But if that story is indeed true – and it has never been revealed which team might have employed that tactic – is it acceptable? Some, like former Green Bay Packers general manager Ron Wolf and Super Bowl winning coach Dick Vermeil, have a hard time believing it could get to the level of deception that is alleged to be taking place.


    “I can’t imagine they’re [tailing draft picks],” Wolf said. “I think that’s too far. I can’t imagine a team tailing a guy.”


    Added Vermeil, “No question...
    -04-24-2009, 10:14 AM
  • MauiRam
    Has Les Snead Been to Austrailia recently?
    by MauiRam
    Originally Published: March 26, 2014
    By Kevin Seifert

    If GPS data can reduce injuries enough, would players accept 18-game season?

    Will GPS chips soon be a staple of the NFL uniform?

    Game Changers Considered At Owners Meetings

    International scouting recently drew an NFL general manager to Melbourne, Australia, for a few days of rugby. During a lull in the action one evening, his eyes drifted to the sideline. The head coach was walking to the end of the bench, where a team employee sat holding a laptop computer. The two conferred for a moment before the coach returned to his post and ordered a series of player substitutions.

    The next morning, the telephone rang in the Arizona offices of Catapult Sports, one of several Australian-based companies that compile live data on athletic exertion. The general manager was brimming with questions for Gary McCoy, the company's senior sports scientist.

    "He wanted to know," McCoy said, "what the hell had just happened."

    The general manager will remain anonymous because he did not give Catapult permission to reveal his identity. What he had witnessed, however, was the use of a widely accepted supplement to Australian sports training -- an approach that is beginning to gain traction in the United States.

    The coach had viewed a live digital display of each player's exertion and conditioning levels as recorded by a GPS machine embedded in jerseys. The technology added precise data to a decision coaches otherwise make by feel. Who is truly gassed? Who should have the most remaining energy? Who is nearing a danger zone for wear-and-tear injuries?

    Rugby coaches in Australia and nearly 400 other sports leagues around the world have incorporated such data into their programs, informing decisions like game rotations, playing time and practice schedules. The goals: maximizing performance and minimizing injuries.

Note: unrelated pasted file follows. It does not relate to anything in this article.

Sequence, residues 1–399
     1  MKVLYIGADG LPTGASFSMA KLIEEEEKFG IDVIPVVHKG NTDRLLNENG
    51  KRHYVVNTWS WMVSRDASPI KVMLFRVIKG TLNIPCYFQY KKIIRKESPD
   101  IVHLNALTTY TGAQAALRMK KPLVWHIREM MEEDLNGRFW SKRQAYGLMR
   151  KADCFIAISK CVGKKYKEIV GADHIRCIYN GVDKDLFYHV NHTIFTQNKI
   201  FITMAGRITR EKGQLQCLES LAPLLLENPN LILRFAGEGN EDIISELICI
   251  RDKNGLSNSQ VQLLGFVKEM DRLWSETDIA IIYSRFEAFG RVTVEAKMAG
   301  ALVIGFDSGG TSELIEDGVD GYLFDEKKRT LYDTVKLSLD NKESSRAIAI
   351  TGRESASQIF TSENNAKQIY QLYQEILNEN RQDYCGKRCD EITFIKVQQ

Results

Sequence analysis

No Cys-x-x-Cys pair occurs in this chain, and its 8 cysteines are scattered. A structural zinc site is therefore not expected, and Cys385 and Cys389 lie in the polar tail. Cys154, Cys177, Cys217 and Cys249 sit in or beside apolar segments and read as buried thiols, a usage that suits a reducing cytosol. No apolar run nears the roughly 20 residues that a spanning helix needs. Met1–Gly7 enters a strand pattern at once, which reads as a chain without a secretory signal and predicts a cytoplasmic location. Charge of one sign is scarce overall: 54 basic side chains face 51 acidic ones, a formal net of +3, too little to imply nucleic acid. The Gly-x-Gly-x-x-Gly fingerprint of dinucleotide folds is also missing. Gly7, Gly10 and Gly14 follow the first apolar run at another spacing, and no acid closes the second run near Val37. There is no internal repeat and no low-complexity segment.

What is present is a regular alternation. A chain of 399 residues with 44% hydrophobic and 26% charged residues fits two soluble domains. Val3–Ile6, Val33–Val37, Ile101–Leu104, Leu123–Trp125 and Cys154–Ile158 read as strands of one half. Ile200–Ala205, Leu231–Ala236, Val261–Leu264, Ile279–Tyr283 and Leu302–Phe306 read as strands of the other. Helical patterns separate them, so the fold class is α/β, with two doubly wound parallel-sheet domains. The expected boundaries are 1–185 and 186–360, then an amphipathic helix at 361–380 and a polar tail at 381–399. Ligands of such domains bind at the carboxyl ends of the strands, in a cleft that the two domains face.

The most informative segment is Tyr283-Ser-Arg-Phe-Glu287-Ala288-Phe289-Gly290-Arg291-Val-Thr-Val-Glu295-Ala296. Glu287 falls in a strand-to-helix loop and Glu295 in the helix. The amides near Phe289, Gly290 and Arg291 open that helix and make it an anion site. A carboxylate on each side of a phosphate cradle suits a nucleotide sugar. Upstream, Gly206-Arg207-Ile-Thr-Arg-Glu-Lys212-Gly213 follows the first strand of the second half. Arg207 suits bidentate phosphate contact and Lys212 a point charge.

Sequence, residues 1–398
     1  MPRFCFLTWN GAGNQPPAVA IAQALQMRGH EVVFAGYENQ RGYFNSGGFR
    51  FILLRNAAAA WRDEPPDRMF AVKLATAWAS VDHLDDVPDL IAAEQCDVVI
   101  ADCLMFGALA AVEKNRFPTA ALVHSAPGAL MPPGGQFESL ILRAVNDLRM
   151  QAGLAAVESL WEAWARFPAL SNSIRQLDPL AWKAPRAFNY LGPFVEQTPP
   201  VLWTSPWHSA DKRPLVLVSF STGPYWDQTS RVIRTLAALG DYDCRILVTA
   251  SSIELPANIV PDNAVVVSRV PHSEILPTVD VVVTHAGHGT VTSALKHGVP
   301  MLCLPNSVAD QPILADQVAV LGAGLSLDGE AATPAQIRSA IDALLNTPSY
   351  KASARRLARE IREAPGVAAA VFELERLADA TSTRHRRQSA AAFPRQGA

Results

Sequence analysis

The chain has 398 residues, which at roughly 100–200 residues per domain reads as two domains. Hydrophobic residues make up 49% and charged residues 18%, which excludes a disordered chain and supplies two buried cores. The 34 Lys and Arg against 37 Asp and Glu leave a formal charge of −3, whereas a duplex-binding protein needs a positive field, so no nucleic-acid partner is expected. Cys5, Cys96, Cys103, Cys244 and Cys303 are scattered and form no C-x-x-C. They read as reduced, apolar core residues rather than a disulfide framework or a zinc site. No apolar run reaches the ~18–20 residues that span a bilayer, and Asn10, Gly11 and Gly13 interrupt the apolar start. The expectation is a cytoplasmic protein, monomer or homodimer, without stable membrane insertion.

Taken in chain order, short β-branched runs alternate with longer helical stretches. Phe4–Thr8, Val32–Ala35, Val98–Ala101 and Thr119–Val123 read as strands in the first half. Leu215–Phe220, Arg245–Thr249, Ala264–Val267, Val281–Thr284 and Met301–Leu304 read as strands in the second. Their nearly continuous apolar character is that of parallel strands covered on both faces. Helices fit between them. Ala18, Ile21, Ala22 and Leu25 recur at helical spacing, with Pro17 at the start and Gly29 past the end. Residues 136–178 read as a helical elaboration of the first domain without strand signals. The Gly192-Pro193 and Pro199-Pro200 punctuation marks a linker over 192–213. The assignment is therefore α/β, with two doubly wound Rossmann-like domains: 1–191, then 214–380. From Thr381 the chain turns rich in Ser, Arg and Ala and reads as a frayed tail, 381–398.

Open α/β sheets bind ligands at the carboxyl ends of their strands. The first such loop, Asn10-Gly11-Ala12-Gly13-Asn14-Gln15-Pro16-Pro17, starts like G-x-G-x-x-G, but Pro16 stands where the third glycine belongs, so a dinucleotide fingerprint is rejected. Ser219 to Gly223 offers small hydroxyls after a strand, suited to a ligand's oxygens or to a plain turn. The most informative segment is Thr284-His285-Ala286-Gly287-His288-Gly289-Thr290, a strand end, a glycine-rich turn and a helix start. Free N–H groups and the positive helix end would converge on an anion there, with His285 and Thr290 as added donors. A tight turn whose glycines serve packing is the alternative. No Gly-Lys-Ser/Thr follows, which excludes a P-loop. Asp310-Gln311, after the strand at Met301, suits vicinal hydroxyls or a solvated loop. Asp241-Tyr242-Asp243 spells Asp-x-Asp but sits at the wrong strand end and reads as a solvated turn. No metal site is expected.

The latter objective is of particular interest in the NFL, which absorbs thousands of missed starts per season and is at odds with its players' union over the impact of an expanded regular season. New NFL Players Association president Eric Winston, in fact, told USA Today last week that an 18-game season is "dead in the water" because of the presumed additional injuries it would cause.

    But what if that assumption could be challenged? Could an emerging technology help reduce injuries in the NFL over time? If so, would an 18-game season be more palatable?

    The NFL declined comment on a protocol that nearly half its teams have experimented with in recent years. Winston expressed doubt this week that any current or near-future technology could assuage the union's full array of concerns, and a second NFLPA source said it would be a "major leap" to make a positive connection between technology...
    -03-31-2014, 10:35 AM
  • RamDez
    Stomp is seen as step in the wrong direction - Some Ram related
    by RamDez
    Stomp is seen as step in the wrong direction
    John Russell © AP
    The actions of Titans defensive tackle Albert Haynesworth have opened a dialogue about the violent nature of the NFL and acceptable behavior by players.
    Conrad Dobler's reputation as pro football's dirtiest player didn't come by accident, even if he believes some of his actions have since become urban myth.
    "Over the years I've become worse than Jeffrey Dahmer," he maintains now.
    Dobler, an offensive guard in the 1970s and early '80s, would leg whip opponents during his days with the St. Louis Cardinals, Buffalo Bills and New Orleans Saints.